Ballyhay (Ballyhea)

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Feature Sets (2)


A long, narrow two cell church, which at some point has been reduced in length by the insertion of a cross wall. (nave 18.83 m x 9.06 m, chancel 18.03 m x 8.34 m). The W and N walls of the nave, and most of the N wall and E end of the S wall of the chancel have fallen. The ruins were heavily covered with ivy.


The early history of the church is not known. Brady (1863, II, 34-6) quotes a 1224 reference to the church at Ballyhay, and it is listed in the Papal taxation of 1291. The church is recorded as 'in ruins' during a Visitation of 1615, but the chancel was in repair by 1694.


Exterior Features


S doorway, nave (blocked)

In the S wall of the nave, approximately 6 m from the W end. The arch of the doorway, which has a single exterior order, is slightly pointed.

The doorway is completely blocked, in part by an 18thc. memorial. The door is set in the same plane as the outline of a steep gable, which projects about 0.05 m from the surrounding wall. The sides of the gable are 'shouldered' at the level of the springing point of the door. The masonry of the doorway and the area enclosed by the gable is more regular than that of the surrounding walls.

On the interior there is an additional undecorated order, 0.21 m deep and 0.22 m wide, with a draw-bar hole in the west jamb.

Exterior Decoration


Set in the masonry course immediately above the S doorway are two monster head corbels, carved from sandstone, both worn and lichen covered.

d. 0.14 m
h. 0.24 m
w. 0.14 m
E corbel

The E corbel has large walnut-shaped eyes; in this case the rolled jaws are merely outlined and not hollowed out.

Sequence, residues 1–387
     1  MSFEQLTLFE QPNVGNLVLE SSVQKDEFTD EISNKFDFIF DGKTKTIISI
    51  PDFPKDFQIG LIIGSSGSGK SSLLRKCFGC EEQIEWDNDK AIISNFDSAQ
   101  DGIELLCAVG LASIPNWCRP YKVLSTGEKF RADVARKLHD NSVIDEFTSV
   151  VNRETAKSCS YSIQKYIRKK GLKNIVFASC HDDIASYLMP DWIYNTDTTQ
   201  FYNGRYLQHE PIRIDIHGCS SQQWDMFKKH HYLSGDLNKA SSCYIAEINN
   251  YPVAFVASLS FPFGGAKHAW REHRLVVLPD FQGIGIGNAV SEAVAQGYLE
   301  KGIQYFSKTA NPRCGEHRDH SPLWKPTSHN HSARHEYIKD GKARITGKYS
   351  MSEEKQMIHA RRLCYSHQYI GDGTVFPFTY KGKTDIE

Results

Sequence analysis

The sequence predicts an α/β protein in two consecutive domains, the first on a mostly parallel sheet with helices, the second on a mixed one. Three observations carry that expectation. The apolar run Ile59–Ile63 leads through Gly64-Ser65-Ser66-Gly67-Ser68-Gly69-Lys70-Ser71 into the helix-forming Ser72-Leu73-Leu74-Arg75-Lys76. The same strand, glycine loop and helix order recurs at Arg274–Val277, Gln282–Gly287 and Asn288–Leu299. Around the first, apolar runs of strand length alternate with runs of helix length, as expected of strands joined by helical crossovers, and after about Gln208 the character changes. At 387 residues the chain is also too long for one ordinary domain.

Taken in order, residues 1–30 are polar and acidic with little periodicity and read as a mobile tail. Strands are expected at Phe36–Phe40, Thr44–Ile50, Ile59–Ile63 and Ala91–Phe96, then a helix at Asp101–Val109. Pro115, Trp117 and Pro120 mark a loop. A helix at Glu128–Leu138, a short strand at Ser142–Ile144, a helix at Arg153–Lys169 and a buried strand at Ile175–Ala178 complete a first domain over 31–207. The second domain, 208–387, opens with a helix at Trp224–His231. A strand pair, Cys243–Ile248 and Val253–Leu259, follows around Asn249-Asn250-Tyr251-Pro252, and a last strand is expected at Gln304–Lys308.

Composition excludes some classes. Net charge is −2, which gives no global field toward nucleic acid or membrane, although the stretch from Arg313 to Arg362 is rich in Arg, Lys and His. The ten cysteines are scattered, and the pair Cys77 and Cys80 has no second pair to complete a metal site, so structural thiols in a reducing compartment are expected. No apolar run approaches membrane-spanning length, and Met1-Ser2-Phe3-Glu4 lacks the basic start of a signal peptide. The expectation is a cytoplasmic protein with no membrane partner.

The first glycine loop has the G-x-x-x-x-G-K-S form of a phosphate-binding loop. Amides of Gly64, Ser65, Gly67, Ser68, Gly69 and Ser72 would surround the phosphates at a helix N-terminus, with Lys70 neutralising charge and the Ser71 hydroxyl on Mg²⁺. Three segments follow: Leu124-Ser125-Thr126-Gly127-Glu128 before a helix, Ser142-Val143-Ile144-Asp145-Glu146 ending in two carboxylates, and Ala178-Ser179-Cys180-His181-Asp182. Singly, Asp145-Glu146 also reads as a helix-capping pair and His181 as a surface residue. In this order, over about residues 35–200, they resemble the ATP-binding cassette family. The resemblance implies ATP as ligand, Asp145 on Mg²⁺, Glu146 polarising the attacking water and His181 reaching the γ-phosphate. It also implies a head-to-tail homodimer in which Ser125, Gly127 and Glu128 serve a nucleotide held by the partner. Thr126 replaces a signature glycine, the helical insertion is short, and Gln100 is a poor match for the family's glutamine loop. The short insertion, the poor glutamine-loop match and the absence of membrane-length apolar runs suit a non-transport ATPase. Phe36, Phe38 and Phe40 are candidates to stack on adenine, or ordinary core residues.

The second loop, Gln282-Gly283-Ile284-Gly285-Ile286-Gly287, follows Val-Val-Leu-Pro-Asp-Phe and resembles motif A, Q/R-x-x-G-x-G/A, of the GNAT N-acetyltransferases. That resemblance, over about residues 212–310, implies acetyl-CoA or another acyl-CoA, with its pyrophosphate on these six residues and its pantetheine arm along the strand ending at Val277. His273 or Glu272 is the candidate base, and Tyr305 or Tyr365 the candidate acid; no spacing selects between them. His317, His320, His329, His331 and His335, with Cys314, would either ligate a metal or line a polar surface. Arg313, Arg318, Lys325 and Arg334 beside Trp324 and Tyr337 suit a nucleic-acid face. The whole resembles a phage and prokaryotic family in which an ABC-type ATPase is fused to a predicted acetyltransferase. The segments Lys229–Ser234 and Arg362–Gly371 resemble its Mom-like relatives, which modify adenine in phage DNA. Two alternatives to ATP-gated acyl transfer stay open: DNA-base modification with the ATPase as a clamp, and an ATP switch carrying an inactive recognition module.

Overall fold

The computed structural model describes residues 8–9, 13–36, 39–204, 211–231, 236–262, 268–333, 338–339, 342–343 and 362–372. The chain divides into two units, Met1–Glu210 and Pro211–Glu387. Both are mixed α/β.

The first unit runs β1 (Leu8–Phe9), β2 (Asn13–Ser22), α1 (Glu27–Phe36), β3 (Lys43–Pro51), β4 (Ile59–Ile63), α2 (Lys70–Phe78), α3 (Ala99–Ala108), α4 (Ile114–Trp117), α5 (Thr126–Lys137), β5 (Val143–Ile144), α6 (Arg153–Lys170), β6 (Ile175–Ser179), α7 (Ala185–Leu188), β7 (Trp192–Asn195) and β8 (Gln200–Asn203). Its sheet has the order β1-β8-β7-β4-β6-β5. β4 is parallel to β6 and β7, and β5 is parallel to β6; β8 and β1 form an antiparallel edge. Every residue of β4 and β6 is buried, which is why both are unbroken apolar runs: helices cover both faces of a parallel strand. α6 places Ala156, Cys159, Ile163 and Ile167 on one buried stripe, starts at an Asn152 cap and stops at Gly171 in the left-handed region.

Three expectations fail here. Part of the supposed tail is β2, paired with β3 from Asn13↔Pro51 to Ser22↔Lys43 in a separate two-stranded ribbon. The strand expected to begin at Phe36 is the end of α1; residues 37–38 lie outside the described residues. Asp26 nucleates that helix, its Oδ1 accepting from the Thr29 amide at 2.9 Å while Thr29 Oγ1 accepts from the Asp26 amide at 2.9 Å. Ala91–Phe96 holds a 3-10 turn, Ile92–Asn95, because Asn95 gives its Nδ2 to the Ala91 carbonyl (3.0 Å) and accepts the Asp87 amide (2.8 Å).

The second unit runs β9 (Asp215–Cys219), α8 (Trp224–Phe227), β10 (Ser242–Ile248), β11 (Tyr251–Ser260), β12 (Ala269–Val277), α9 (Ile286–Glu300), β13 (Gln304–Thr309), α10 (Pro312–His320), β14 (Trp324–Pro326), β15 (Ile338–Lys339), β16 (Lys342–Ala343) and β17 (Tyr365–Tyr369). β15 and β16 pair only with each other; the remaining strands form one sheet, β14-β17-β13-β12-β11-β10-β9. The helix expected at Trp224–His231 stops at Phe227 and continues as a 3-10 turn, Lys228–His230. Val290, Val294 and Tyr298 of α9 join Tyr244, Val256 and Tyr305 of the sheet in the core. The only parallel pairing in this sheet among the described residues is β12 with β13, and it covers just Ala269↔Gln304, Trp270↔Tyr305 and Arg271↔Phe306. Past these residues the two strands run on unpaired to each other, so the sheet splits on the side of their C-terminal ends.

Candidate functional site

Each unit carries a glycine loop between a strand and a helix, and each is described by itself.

W corbel

This corbel appears to have lost approximately one third of its upper portion, though Leask drew this as part of the design. The jaws end with a rolled profile, hollowed out, and there are hints of interlacing on the hair (W side).


The gable has often been regarded as the remnants of an Hiberno-Romanesque tangent gable, but this is open to doubt. The blocked door has no Romanesque features and twelfth-century doorways were usually placed in the west, not the south, wall. It is difficult to imagine how a typical Romanesque door with a gable could have left such an imprint. It is more likely that this doorway belongs to a much later period and was once surrounded by a projecting wooden porch. The corbels are clearly not in their original position, but their height corresponds with the course of masonry in which they are set. As this masonry is part of the gable, it suggests that neither the door not the gable belong to the Romanesque era.

Corbels of the Ballyhay type are often employed as label stops. If this was the case, it suggests there was once a Romanesque portal, no doubt in the west wall. However, as there is no other evidence for such a door, it is not impossible that the corbels were brought to Ballyhay at a later period.


  • W. M. Brady, Clerical and Parochial Records of Cork, Cloyne and Ross, Cork, 1863, II, 34-6.
  • D. Power, S. Lane, et al, Archaeological Inventory of County Cork, 4:2, Dublin, 2000, 554-5.
  • H. G. Leask, Irish Churches and Monastic Buildings, I, Dundalk, 1955, 166-7.


Site Location
Ballyhay (Ballyhea)
National Grid Reference
R 55 20 
now: Cork
Type of building/monument
Ruined church  
Report authors
Roger Stalley